Sitting through a recent meeting of Greater Shepparton City Council without saying a word was exhausting.
Remaining mute as your heart breaks and you weep (metaphorically) is tough, damn tough when everything you know, have heard about from the world’s sharpest thinkers, and what you have read from philosophers, scientists and their ilk, some dead, but most still living, is not even considered when decisions are made about our city’s future.
The responsible men (and women) of our city may have world views and opinions about many things, but those thoughts and ideas are constrained by values, cultural and otherwise, that have solidified in modernity; the past two centuries or so when progressive thinking was about making things bigger and smaller, stronger (not necessarily longer lasting), faster, slicker, and grounded in the belief that growth is the epitome of good.
However, the growth equation has always been fundamentally flawed — endless growth in a finite world is not only impossible, but to pursue it with the enthusiasm that surreptitiously drives our council’s decisions flirts with irresponsibility.
There comes a time, and it is now, when someone, somewhere with influence must declare that the progress as it is commonly understood today is not what we want rather, we should be turning our attention, and our naturally innovative ways to creating and building a Greater Shepparton able to survive and thrive in a century quite unlike anything experienced.
Many good things are happening in Shepparton, and have council’s imprimatur, such as solar farms and pressure on our state government to improve our rail infrastructure, but all things, including our wonderful new Shepparton Art Museum are coloured by the intent that they will add to the city’s growth.
To be fair, many see the new SAM as something that will elevate the city’s cultural climate, but frequently its supporters are forced, sadly, to justify its nearly $40million cost as major plank in Shepparton’s financial future.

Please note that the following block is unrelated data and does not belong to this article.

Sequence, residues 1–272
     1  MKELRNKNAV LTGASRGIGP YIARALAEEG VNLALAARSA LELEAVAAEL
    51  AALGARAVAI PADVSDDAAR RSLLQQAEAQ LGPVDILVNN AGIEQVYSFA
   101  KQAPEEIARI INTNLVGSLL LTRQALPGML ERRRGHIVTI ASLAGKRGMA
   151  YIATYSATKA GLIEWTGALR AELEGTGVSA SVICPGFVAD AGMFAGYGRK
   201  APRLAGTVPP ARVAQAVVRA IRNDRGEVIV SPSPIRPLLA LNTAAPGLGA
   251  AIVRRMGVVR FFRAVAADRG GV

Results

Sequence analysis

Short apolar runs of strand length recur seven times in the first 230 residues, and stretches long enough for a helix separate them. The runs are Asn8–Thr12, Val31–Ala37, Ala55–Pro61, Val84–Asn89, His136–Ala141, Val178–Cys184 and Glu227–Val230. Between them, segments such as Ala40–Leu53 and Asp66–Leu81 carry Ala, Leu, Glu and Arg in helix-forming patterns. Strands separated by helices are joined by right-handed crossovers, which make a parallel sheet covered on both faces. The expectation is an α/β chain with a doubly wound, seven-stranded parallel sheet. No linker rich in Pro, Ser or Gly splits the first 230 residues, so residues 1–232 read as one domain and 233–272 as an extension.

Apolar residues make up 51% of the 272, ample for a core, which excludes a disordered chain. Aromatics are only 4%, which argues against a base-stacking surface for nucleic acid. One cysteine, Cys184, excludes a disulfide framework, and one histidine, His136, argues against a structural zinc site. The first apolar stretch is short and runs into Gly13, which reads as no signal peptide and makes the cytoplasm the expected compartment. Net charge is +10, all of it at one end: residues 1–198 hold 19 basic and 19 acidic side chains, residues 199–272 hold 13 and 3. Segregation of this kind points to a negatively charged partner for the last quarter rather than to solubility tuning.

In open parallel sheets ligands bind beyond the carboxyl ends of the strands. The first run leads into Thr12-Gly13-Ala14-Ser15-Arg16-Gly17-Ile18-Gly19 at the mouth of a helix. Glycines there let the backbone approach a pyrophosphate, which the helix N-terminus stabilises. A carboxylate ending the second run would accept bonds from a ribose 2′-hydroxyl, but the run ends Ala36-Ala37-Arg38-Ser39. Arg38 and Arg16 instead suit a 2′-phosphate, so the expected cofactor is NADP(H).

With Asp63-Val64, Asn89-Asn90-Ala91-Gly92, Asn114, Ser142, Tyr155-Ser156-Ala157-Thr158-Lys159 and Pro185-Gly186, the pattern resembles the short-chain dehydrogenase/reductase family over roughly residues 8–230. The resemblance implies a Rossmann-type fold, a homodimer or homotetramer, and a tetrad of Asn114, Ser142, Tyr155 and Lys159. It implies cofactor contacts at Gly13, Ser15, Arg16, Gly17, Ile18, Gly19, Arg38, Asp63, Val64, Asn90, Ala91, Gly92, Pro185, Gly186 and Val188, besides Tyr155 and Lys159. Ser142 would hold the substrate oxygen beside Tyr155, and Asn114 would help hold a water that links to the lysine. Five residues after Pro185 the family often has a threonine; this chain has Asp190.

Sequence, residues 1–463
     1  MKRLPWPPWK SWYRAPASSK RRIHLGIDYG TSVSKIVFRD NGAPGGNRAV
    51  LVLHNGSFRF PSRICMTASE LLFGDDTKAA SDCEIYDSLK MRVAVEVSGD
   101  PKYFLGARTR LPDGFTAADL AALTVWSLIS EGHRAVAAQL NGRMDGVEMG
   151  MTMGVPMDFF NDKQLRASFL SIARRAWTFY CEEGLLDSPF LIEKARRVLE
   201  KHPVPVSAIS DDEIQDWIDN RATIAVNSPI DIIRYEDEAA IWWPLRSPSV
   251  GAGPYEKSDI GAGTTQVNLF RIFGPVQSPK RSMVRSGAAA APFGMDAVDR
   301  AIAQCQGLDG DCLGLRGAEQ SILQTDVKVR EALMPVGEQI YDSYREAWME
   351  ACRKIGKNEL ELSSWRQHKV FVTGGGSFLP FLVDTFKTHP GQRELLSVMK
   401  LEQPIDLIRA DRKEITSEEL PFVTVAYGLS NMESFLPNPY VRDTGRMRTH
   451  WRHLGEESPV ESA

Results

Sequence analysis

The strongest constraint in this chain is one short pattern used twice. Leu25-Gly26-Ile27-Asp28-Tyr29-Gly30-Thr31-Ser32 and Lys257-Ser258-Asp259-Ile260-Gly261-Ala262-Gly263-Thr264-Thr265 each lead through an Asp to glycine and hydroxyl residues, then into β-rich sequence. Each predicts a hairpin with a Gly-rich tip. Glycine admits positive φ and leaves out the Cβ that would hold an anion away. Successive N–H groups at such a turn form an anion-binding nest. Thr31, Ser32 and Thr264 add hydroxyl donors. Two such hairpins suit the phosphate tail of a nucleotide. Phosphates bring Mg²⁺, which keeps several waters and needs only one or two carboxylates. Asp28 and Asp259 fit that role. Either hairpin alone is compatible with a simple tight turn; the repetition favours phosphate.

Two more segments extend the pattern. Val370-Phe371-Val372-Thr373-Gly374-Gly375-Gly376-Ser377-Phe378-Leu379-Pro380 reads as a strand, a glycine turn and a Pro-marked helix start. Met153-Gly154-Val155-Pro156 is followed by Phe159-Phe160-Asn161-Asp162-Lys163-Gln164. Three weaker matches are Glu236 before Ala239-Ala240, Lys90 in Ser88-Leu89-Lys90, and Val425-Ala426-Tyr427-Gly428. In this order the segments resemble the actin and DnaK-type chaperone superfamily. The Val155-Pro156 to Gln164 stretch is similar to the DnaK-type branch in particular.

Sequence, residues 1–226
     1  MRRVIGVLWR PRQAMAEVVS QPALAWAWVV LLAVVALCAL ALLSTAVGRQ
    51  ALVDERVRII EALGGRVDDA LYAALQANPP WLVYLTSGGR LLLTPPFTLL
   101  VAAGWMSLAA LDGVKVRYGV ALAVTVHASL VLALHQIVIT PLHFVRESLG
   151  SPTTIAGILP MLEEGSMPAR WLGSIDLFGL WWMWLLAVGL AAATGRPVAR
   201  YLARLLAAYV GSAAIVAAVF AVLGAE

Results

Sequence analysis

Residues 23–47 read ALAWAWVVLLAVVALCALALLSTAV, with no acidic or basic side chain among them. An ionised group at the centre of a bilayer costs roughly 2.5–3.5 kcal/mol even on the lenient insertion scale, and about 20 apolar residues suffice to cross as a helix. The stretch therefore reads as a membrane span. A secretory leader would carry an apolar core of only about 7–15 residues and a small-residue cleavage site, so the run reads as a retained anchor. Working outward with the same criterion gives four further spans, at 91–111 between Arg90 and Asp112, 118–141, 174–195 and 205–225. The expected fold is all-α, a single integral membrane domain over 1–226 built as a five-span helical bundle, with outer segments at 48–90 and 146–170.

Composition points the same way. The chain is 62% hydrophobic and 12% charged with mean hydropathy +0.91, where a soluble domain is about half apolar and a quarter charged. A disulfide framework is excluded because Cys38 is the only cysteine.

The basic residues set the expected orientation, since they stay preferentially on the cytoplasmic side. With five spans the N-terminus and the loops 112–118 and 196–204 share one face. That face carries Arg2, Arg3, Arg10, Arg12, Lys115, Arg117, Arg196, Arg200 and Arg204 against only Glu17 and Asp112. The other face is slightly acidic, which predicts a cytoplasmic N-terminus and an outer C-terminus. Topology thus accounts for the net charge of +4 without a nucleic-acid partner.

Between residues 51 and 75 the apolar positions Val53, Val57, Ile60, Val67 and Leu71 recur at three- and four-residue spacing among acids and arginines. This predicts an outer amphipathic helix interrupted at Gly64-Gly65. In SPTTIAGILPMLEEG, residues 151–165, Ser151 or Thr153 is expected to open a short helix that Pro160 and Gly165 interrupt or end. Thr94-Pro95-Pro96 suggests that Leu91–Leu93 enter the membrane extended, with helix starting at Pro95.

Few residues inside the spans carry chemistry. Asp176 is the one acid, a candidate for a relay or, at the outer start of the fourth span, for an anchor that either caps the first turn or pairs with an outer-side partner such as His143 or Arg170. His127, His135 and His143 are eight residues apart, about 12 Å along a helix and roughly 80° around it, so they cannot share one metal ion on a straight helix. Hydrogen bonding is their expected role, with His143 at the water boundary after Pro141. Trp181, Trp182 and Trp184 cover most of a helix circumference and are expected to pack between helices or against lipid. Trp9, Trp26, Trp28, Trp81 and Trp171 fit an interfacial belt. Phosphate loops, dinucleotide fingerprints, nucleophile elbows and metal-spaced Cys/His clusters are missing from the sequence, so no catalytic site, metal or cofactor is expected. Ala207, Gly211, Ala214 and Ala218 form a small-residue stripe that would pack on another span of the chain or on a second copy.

It is equally sad, and disappointing when most everything that happens here, and everywhere else for that matter, has its success measured in fiscal terms (growth), when the truly important gauge of something’s value is less tangible, emanating from the heart; the elusive success that is about human happiness.
Most equate happiness with financial growth and the modern understanding of success, but repeated international studies have shown that happiness plateaus at quite a low-level of income, particularly once the basics of life are covered.
Shepparton’s proposed ring-road was on the agenda at the recent meeting (many in the public gallery, armed with signs, came to hear that debate) and although controversial for some, fearing it will injure the amenity of their homes near the suggested route, it is something we need to avoid completely.
A ring-road is an integral part of the fossil-fuelled agenda and rather than entrenching it even more, we need to be imagining ways in which we can create a community, a society, a way of life that further distances us from something that is taking us even closer to the abyss.
Industrial civilisation, one that wants growth, profit and ‘‘more’’ is the antithesis of what we need and sitting silenced through a council meeting would be much more relaxing if discussions were free of the rigidity imposed by the status quo.
Rob McLean is a former News editor.